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In Consultation

Priming Clients for Taking New Practices Home

March/April 2018
Four steps to help clients take new practices learned in the consulting room back into their everyday lives.

Therapy and Transformation

What Are We Promising Our Clients?

January/February 2018
Decades ago, trainees in our field were imbued with the notion that therapy was about transformation: big, dramatic changes in the direction of self-actualization. Was this an overpromise? And now, when the average length of therapy in the United States is less than eight sessions, is it even desired by clients anymore, or necessary for successful therapy?
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Clinician's Digest

Did England's Ambitious Mental Health Care Experiment Deliver?

January/February 2018
Nearly a decade ago, England embarked on one of the largest expansions of mental health care in modern history. What can be said of the outcome of this bold experiment?

The Long Shadow of Patriarchy

Couples Therapy in the Age of Trump

September/October 2017
The election of Donald Trump and the resurgence of populism throughout the West were fueled by a renewed pull toward certain notions of traditional masculinity. Although therapists have remained largely silent about this revival of patriarchy in the culture, is neutrality really in the best interests of our clients?

In Consultation

Got Game? How I Transitioned My Practice to Sport Psychology

September/October 2017
Becoming a sport psychologist requires throwing away much of the rule book for starting a more traditional practice.

Point of View

The New Frontier in Trauma Treatment? The Promise of MDMA

September/October 2017
Using drugs like MDMA (aka Ecstasy) may be the new frontier of trauma treatment.

Loving Our Devices

When Does Attraction Turn into Addiction?

July/August 2017
More and more therapists, regardless of how they feel about internet addiction as a diagnosis, are advising clients about the healthy use of their digital devices.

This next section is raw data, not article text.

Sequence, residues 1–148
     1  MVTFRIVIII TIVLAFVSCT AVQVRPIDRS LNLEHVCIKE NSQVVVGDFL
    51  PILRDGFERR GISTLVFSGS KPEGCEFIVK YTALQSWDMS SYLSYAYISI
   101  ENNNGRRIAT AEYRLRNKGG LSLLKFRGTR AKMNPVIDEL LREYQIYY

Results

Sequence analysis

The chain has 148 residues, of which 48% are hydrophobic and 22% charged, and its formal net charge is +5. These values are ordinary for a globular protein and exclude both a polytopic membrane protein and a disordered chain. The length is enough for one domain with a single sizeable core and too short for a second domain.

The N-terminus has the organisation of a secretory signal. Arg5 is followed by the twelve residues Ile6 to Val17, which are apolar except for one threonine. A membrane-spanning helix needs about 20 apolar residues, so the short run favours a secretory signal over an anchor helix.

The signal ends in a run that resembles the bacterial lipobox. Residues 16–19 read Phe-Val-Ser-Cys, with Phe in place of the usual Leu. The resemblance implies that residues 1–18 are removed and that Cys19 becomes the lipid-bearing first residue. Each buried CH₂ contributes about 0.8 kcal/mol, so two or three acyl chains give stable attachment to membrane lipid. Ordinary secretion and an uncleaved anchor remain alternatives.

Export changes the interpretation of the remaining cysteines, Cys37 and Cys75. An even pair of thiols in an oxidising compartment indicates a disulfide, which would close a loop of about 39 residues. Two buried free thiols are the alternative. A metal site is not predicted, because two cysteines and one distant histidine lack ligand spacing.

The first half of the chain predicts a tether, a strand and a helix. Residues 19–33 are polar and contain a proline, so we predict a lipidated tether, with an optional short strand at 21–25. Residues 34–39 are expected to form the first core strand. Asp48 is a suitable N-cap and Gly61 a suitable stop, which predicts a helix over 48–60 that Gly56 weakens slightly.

When All Else Fails

Stories of Vulnerability and Possibility

May/June 2017
The self-assurance of expert practitioners who publicly present their work can lead everyday therapists to believe that psychotherapy is a far more predictable craft than it actually is. The reality, of course, is much muddier. Therapists on the ground eventually learn that only one mantra applies to every case—it's more complicated than that.
  • I’m Funny and I Faint by Lynn Lyons
  • Thinking Outside the Gift by Lisa Ferentz
  • The Final Shot by Kenneth Hardy
  • First Make the Bed by Michele Weiner-Davis
  • It’s Never Too Late by Daniel Siegel

When Helping Doesn't Help

Why Some Clients May Not Want to Change

March/April 2017
Rather than just commiserating with clients’ misery, most therapists want to engage in more active forms of helping. So we try to persuade clients compassionately, gently, patiently—to make use of the various tools and techniques we know will work, if only they’d just try them. For some, this results in a quick recovery. But what about the clients who seem impervious to all our heartfelt efforts?
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How Psychotherapy Lost Its Magick

The Art of Healing in an Age of Science

March/April 2017
Studies show more people pay for the services of advisors claiming special powers than see mental health practitioners. How can mentalists and mediums be flourishing at a time when therapists—trained and sanctioned to care for people’s emotional well-being—are struggling to inspire confidence? In an effort to improve therapists’ efficacy, two researchers find themselves on an unexpected path.
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